The Bremerton Tunnel was waterproofed using a crystalline admix, which is self-sealing and less expensive than the alternative. Form liners were used in the 17 cast-in-place tunnel segments to create patterns on the walls.

Tunnels are critically important infrastructure projects.  Whether it’s a shallow cut-and-cover utility tunnel or an enormous highway tunnel bored deep underground,  nearly all modern tunnels are concrete—built using precast modules, shotcrete, or cast-in-place concrete—and waterproofing is an essential aspect of design.  It plays a key role in how well the tunnel performs in the decades to come, and must be carefully installed, as access is severely limited once the project is complete, and any repairs cause a serious interruption in service.  Failed tunnel waterproofing can also be a serious safety hazard. Water or ice buildup in a highway tunnel for instance, would be a serious safety hazard. Properly installed, though, waterproofing will dramatically increase the useful life of tunnels and enhance safety. 

Construction Methods

The vast majority of below-grade “tunneling” projects today are actually created using cut-and-cover construction methods.  This method—excavated from the surface, then re-covered—is usually cheaper and more practical than bored tunneling.  It’s especially practical at shallow depths (30 to 40 feet) but depths to 60 feet are not uncommon. It’s the overwhelming method of choice for traffic, rail and pedestrian underpasses, utility tunnels, and a host of other applications.

The Boston CSO project used pre-cast sections set into place using cut-and-cover techniques.

Small utility tunnels are typically assembled from precast segments.  Larger tunnels use cast-in-place concrete, shotcrete, or a combination such as a precast tunnel roof placed onto cast-in-place walls.  Waterproofing solution vary based on how the project is built, the construction timetable, and jobsite conditions.

Spray-on membranes are common in shallow tunnels, but become rarer as the depth increases.  In bored tunnels, sheet goods are typically specified, and the drainage layer omitted.

Perhaps the biggest determinant in selecting a waterproofing system is whether the waterproofer has access to install the membrane from the exterior. Otherwise, blindside construction techniques are used.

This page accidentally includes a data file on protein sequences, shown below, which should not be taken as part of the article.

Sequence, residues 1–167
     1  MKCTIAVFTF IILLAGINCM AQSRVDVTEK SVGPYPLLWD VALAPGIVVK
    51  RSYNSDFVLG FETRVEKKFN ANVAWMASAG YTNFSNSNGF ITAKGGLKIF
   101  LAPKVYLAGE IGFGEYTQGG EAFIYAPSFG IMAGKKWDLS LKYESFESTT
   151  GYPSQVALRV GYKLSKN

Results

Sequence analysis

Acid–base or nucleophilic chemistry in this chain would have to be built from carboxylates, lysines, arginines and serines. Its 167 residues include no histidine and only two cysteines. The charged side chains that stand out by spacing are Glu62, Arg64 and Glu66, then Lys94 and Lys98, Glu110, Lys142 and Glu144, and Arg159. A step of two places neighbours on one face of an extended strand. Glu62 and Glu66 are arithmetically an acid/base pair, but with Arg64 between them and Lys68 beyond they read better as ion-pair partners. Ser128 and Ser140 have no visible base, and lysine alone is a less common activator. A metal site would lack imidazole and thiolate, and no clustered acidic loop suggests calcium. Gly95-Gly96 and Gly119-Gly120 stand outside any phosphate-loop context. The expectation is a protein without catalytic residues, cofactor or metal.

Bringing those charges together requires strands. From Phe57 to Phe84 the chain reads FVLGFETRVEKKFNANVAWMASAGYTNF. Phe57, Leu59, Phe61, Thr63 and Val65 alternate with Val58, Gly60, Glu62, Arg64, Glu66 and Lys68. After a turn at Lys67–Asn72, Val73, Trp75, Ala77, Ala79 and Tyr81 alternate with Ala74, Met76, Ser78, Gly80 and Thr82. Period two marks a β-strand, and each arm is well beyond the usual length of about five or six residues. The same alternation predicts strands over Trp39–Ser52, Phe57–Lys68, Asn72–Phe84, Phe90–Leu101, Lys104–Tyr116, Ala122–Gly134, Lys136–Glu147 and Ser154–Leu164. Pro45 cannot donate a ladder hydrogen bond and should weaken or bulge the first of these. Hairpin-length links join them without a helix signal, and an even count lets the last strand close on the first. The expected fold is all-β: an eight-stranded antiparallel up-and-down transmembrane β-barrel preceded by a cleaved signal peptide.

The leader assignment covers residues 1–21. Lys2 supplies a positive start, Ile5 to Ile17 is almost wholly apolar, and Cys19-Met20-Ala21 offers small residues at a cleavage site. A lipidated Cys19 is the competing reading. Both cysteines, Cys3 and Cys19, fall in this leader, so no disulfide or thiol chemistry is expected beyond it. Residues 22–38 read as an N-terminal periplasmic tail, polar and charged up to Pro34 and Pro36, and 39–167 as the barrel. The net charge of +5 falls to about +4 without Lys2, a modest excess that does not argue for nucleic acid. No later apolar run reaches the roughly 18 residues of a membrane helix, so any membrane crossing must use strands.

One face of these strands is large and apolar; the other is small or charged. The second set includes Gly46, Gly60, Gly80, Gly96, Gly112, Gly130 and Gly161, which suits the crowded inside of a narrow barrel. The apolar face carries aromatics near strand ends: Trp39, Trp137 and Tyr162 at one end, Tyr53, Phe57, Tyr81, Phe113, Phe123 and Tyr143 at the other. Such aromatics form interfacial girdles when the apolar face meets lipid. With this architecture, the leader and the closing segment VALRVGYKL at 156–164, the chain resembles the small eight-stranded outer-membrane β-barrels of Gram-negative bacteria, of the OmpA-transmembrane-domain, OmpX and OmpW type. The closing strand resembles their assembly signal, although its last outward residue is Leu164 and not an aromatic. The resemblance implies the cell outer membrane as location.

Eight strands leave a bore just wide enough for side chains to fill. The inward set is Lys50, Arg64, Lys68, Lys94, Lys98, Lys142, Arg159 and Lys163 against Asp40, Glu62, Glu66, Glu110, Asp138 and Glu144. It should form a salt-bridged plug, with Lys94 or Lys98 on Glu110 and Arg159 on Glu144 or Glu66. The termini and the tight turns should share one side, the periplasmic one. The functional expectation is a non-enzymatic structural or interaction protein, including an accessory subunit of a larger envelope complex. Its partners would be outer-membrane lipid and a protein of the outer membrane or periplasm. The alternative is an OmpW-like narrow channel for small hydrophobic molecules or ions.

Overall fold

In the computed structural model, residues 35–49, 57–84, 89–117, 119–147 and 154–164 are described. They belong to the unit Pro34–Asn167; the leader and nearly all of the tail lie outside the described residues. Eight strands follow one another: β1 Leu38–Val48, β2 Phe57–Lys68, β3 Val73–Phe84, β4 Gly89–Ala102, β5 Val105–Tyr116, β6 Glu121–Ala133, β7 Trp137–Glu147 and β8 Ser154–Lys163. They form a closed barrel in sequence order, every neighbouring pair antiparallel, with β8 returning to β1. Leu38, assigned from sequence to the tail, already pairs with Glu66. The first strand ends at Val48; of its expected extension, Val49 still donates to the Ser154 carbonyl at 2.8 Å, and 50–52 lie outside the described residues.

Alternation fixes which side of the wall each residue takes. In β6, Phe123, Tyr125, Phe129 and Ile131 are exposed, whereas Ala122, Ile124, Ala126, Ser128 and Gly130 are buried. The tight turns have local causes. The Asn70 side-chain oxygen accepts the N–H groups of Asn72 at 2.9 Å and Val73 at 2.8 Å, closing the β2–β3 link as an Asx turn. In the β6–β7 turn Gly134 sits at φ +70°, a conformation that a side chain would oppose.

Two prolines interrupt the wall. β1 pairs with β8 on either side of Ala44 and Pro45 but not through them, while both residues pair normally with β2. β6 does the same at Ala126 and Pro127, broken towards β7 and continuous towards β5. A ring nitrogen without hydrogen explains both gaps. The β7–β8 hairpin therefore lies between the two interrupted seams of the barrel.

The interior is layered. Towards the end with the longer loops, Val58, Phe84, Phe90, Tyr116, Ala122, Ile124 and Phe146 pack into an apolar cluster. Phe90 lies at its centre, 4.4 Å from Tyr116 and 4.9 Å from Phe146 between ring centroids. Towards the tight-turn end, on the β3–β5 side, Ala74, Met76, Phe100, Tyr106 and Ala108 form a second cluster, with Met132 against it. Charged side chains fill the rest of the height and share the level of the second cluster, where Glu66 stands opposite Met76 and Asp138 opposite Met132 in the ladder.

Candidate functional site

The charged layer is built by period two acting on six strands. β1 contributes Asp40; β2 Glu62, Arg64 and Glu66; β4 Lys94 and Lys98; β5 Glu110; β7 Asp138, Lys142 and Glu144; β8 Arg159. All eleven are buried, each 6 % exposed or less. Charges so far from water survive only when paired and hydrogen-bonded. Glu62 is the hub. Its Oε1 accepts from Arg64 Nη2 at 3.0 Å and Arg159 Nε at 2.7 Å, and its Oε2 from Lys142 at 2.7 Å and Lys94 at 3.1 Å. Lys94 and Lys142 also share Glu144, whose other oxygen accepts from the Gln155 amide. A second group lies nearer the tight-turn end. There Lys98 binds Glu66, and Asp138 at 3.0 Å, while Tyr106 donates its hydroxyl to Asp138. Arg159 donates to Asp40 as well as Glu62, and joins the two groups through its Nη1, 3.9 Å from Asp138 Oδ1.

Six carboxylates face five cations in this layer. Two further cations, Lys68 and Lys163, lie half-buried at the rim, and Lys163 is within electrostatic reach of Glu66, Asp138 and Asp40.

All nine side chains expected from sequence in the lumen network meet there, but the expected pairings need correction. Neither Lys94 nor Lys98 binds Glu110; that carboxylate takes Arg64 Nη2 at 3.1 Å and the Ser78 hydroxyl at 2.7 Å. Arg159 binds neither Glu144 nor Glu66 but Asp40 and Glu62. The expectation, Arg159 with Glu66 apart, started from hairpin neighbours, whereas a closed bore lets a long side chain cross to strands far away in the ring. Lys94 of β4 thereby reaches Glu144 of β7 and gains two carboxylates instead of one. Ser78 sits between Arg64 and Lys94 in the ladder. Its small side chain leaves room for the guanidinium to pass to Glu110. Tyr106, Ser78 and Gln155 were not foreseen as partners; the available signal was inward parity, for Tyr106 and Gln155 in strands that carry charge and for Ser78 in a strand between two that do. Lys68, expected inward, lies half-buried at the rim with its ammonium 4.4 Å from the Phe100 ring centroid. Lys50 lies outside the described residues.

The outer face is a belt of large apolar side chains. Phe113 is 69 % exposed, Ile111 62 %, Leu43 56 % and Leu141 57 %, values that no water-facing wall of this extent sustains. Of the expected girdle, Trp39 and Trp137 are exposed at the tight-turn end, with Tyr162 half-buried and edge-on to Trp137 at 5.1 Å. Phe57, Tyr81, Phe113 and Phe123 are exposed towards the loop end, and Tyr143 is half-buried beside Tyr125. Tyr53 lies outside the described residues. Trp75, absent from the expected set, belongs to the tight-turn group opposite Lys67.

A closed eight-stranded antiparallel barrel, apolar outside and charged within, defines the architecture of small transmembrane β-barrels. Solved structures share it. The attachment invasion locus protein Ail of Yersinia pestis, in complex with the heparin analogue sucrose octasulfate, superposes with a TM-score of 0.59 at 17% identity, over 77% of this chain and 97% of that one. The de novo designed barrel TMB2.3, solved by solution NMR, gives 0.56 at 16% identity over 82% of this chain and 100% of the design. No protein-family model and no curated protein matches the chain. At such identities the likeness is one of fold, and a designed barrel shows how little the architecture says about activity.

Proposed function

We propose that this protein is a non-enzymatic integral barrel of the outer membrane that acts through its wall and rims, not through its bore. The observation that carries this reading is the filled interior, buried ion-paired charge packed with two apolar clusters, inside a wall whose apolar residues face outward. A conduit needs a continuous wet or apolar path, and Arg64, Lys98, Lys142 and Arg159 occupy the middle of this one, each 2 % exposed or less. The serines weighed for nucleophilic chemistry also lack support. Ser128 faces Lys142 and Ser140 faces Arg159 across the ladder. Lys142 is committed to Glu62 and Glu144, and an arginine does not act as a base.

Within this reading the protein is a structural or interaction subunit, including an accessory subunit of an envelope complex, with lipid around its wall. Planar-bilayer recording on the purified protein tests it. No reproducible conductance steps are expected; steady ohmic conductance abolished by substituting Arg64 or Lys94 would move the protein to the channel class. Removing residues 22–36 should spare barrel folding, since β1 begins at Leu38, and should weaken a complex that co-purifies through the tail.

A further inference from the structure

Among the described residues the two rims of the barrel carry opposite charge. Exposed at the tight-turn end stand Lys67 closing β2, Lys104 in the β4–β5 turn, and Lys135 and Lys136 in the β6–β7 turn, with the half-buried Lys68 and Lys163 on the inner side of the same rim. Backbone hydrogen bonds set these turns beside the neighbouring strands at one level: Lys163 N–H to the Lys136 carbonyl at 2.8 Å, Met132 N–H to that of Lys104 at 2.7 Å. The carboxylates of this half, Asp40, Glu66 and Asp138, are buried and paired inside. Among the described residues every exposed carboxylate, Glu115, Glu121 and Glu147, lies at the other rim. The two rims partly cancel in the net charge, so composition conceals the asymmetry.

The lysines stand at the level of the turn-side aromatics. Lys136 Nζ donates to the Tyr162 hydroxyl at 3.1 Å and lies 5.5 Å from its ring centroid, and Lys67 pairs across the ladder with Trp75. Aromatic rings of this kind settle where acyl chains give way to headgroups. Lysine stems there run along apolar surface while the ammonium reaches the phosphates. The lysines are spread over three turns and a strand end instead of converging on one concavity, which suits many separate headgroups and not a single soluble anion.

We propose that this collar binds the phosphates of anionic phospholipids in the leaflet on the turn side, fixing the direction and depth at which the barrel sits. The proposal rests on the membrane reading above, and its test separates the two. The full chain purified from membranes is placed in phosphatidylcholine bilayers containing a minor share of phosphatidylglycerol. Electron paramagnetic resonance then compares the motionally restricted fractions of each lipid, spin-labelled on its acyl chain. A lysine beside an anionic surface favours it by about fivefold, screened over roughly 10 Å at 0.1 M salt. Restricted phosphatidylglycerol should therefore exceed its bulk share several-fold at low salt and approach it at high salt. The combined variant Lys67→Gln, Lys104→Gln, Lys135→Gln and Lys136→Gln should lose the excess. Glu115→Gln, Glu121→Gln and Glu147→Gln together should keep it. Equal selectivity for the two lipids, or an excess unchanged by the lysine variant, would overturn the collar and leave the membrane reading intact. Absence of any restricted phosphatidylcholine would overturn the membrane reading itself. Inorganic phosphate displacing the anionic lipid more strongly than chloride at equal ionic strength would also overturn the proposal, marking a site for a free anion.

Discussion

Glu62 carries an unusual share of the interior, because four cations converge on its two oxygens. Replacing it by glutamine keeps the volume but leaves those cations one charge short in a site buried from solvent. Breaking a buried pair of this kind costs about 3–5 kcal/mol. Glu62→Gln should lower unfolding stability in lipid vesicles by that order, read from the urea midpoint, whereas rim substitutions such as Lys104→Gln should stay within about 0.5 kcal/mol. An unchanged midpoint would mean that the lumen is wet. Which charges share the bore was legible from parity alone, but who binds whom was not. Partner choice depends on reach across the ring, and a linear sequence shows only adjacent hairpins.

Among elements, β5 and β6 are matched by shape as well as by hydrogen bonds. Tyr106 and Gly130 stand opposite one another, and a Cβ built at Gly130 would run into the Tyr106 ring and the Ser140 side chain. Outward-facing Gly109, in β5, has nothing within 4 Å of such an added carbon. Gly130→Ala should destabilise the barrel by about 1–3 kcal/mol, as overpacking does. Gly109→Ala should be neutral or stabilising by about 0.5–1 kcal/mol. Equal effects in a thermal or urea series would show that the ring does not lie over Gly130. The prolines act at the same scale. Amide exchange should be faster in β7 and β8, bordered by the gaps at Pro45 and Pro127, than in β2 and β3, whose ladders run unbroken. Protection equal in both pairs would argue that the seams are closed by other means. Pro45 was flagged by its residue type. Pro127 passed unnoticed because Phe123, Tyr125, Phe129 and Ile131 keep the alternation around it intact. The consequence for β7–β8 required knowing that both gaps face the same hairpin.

Waterproofing for the Gateway Connector Highway in West Virginia needed to withstand acidic groundwater generated from nearby coal mines.

In recent years crystalline waterproofing has surged in popularity.  It has been used  in a wide range of tunnel projects with great success.

Pre-Cast

Several years ago, the city of Boston embarked on a $150 million project to reduce harbor pollution by capturing stormwater runoff.  Called the combined sewer overflow system (CSO), the main component is a tunnel, 17 feet in diameter and running 2.5 miles (4.0 km) under the shoreline, that captures the runoff from all the stormwater drains in South Boston and essentially serves as a giant holding tank, allowing the existing wastewater treatment plants to process the excess in the days and weeks after the storm.

The main tunnel was bored, but all the connections to the existing storm drains used pre-cast concrete box culverts buried as much as 20 feet into the ground.   Most of them (2,810 lineal feet) measured 12’x12’,  with 760 combined lineal feet of 9’ x 8’ and 8’ x 8’ culverts.

These culverts were sealed with a crystalline waterproofing compound from Xypex, rather than using a membrane system.

The 500-foot-long Bremerton Tunnel used soldier piles, lagging and shotcrete to secure the sides of the excavation.

According to Les Faure, marketing manager at Xypex, the system was recommended by the manufacturer of the pre-cast culvert boxes. Added to the concrete at the time of batching, Xypex Admix C-500 forms a non-soluble crystalline structure throughout the concrete, waterproofing and protecting it from the moment it’s poured.

In previous CSO projects, Boston Water and Sewer relied on a coal-tar-and-epoxy product which required significant ventilation and drying time, and also created environmental and liability issues.  The crystalline admix is non-toxic to begin with and produces no waste in the manufacturing process. Once added to the mix, the concrete is protected against deterioration from the harsh chemical contents of the sewer environment.

John Bauld, senior project manager with D’Allessandro Construction, who played a major role with this project, says, “This innovative process saved us considerable manufacturing time and virtually eliminated any environmental impact common in the preparation process – and it’s more cost effective. We cut the time of manufacturing-to-shipping from 30 days to less than 10.”

The culvert portion of the work was completed in 2009, and the entire CSO project became operational in June 2011.

Cast-in-Place

On the West Coast, crystalline waterproofing was used on the cast-in-place, cut-and-cover Bremerton Tunnel, across Puget Sound from Seattle, Wash. Brenden Clarke, project engineer for Washington State Dept. of Transportation (WSDOT), described the tunnel as a self-supporting concrete box structure with 17 concrete segments, each measuring two lanes wide, 55 feet long and 16½ feet high.